Health authorities are continuing to encourage anyone with mild respiratory symptoms to get tested for COVID-19 as the halt in infections in Wagga sees fewer people come forward.
The Murrumbidgee Local Health District announced one additional confirmed case on Friday morning, an Albury resident still in isolation in Sydney after returning from overseas.
MLHD has conducted 2676 tests in total so far, with 312 over the past seven days.
Medical services director Dr Len Bruce said while these were good figures given the Easter public holidays, more testing needed to be done.
Respiratory and sleep medicine physician Dr Adriaan Venter said the time had passed for people to be worried about wasting test resources as fewer people attend Wagga's drive-by clinic in the wake of a two-week period with no new cases discovered in the city.
He said while there was a very low chance a person experiencing mild cold symptoms in Wagga had the virus, they should still get tested as it was the only way to find out if the virus was passing undetected.
"The chance that they have it is very low, but it is still possible because we do have one or two cases from before that we didn't know where they came from," he said.
He said it was important to try and locate transmission among those with mild symptoms before it reached elderly and immunocompromised communities.
"The people that are not very ill who have those symptoms probably have a strong constitution," he said.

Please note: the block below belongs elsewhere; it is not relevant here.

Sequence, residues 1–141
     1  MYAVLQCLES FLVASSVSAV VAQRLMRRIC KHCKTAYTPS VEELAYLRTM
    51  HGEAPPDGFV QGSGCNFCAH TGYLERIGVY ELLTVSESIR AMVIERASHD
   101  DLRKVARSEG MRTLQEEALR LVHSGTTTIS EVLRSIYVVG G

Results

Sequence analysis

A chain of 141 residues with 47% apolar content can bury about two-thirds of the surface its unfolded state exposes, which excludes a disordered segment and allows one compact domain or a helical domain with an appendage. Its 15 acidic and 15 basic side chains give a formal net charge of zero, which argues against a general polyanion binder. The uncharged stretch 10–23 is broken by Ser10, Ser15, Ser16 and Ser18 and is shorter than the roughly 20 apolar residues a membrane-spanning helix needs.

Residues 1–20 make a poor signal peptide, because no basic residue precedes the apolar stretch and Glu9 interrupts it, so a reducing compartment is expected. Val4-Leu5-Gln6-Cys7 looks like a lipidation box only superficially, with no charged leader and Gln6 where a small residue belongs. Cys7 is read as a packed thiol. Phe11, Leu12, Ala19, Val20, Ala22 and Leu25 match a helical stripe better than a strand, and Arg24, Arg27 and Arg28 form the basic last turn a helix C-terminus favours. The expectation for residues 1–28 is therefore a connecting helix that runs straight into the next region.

"We're not so much worried about them, we're worried about the people who don't have a strong constitution and that's the reason for coming forward."
Dr Venter said the district had spent weeks preparing a system which allowed hospitals to monitor those with COVID-19 in a "virtual ward," checking on them daily in case they deteriorated and required hospitalisation.
He said the Wagga Base Hospital was prepared to manage more patients, with isolation areas designated to allow non-COVID-19 related patients to continue to attend safe from infection.
"We've ensured there is a surge capacity so in the event that we might be faced with a lot of ventilated patients we could deal with that," he said.
"Our intensive care team have been upskilling a lot of the anaesthetists so they can also be involved and so our capacity has increased tremendously."
Dr Bruce said urgent training for the base hospitals was complete, and the MLHD was now providing training to the smaller rural hospitals on the appropriate use of personal protective equipment and running regular simulations to manage patients presenting with COVID-19 symptoms.